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Fisheries Legislation Amendment Bill (No. 1) 2012
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Siewert, Sen Rachel
Fisheries Legislation Amendment Bill (No. 1) 2012
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Wednesday, 13 March 2013
Senator SIEWERT (Western Australia—Australian Greens Whip) (12:15): The Greens will also be supporting the Fisheries Legislation Amendment Bill (No. 1) 2012, particularly because we think this is an improvement on the way that observing and monitoring will be undertaken. As the parliamentary secretary pointed out when this legislation was introduced into the House of Representatives:
E-monitoring can include cameras, global positioning systems and sensors and can generate a range of visual and non-visual information for monitoring fishing and related activities.
Of course the issue around the monitoring is that it needs to be used—and it needs to be used for better fisheries management. Unless we see the information that is generated and requested from the fishers being taken up by AFMA, and then effectively used to improve fisheries management and to monitor what is going on—we can have all the monitoring in the world—it could be an investment that does not actually generate better fisheries management.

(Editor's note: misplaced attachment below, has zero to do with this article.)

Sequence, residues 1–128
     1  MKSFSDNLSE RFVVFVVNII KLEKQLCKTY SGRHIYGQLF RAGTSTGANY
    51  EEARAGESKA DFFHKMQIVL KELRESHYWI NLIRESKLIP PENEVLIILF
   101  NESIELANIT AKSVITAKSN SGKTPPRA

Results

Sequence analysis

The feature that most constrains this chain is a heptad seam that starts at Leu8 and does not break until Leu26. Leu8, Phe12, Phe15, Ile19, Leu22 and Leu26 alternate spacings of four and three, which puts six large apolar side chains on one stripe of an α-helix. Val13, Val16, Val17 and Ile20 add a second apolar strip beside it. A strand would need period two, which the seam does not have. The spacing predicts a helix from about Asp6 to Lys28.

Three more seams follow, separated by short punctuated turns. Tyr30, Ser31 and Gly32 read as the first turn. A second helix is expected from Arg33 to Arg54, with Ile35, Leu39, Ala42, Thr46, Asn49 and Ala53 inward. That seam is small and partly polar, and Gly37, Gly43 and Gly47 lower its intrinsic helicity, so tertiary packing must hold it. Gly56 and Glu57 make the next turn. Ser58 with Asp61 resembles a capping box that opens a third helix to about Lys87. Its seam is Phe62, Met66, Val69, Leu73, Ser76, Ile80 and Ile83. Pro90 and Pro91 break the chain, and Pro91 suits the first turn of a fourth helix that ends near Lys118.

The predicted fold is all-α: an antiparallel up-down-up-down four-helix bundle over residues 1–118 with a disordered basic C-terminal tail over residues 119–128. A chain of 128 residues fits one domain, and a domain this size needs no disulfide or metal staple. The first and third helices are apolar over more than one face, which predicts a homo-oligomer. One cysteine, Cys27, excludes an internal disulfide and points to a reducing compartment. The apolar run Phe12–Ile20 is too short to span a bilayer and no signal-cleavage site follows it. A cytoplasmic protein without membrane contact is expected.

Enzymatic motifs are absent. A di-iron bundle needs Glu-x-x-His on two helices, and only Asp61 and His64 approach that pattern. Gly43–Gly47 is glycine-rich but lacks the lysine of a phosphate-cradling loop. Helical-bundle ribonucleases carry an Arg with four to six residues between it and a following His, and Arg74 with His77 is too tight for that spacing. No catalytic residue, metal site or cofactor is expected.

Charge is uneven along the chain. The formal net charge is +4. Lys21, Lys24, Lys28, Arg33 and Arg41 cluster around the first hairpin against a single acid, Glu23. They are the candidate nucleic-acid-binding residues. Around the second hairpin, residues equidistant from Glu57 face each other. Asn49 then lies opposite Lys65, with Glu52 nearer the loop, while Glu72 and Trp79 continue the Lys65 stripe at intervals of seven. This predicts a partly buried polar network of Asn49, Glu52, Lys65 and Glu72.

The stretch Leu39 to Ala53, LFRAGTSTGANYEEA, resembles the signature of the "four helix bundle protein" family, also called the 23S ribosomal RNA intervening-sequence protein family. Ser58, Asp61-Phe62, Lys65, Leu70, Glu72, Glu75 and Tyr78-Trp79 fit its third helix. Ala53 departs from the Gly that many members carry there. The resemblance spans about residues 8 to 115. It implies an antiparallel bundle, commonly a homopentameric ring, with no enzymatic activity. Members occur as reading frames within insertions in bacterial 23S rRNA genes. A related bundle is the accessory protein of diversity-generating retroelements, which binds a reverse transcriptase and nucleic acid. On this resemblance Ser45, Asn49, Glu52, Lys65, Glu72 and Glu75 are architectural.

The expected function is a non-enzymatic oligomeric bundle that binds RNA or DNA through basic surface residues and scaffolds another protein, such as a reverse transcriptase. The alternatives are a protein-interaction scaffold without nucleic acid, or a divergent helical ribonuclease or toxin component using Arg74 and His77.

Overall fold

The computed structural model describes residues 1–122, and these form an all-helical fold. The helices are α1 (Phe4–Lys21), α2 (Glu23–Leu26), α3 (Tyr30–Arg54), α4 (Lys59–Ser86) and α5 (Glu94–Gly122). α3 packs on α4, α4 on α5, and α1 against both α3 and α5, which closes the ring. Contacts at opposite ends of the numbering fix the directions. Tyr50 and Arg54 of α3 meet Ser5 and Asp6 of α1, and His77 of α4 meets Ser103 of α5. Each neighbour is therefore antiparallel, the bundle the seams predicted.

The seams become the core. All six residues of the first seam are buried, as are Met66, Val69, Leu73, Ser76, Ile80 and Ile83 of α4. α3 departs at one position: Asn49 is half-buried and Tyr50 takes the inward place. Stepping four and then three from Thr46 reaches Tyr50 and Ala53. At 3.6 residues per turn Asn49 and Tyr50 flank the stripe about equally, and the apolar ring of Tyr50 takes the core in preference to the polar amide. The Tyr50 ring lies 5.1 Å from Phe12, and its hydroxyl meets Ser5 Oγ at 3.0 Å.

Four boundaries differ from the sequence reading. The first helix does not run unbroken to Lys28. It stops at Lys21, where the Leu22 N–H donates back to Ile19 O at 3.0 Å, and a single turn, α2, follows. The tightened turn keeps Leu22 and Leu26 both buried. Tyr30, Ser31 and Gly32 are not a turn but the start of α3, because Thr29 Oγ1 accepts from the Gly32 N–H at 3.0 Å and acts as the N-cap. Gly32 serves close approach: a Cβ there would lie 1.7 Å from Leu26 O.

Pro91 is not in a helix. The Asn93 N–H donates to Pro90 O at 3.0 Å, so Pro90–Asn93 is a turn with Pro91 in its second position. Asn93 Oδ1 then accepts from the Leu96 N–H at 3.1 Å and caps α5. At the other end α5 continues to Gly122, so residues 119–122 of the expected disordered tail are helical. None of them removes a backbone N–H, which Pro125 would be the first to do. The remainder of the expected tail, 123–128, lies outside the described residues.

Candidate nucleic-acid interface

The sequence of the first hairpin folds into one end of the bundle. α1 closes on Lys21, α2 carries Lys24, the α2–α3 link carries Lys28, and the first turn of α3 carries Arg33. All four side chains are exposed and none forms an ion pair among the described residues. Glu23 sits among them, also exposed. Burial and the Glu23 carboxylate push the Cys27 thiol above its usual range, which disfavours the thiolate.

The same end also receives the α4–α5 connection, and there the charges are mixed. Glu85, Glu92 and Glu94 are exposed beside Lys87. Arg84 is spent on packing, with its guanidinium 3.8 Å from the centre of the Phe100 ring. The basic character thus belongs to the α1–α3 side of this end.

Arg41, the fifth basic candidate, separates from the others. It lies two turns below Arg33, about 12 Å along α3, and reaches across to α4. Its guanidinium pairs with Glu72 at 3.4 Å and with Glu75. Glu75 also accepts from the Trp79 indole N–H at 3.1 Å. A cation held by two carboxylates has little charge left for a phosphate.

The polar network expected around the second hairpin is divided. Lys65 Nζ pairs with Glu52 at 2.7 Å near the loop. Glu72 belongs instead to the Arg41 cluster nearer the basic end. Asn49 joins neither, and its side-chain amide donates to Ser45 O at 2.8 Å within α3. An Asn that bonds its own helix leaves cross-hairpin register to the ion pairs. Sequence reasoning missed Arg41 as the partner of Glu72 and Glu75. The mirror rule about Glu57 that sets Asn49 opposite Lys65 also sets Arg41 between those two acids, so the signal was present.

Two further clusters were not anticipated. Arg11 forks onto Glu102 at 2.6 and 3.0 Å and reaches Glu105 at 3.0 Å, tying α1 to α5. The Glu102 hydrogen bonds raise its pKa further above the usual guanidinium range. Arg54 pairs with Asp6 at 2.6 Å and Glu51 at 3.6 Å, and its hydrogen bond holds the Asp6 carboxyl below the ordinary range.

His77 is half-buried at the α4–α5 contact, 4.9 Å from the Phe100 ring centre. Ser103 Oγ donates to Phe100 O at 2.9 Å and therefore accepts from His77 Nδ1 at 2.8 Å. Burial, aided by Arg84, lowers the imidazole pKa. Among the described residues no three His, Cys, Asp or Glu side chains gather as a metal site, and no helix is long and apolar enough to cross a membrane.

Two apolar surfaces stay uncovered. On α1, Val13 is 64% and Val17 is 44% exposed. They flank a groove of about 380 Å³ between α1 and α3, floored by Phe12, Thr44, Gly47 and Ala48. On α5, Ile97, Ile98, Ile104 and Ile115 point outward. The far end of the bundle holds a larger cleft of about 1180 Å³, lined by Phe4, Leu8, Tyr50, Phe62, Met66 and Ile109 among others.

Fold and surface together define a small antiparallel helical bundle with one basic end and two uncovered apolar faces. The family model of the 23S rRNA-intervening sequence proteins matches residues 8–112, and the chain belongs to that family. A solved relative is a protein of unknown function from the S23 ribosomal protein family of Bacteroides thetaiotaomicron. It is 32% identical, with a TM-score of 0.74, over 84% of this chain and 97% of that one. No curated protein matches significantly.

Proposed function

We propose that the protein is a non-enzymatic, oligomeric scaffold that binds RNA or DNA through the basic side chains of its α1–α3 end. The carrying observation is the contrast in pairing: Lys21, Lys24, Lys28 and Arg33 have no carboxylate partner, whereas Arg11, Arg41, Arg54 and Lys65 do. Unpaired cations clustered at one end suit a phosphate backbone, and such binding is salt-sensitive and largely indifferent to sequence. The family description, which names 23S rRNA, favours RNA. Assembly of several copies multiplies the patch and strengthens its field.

I talk specifically about the need to use information that is obtained and where monitoring is in place. For example, an issue that I have been following very closely is sea lion deaths. In my home state of Western Australia, conditions are a bit different to those that apply in South Australian fisheries. We have the Western Australian Southern Demersal Gillnet and Longline Fishery. This fishery was given renewed export permission last year by the federal government and conditions were imposed on that fishery. Likewise, conditions were imposed on that fishery previously and the Western Australian government did not implement them. One of those conditions involved monitoring and observing.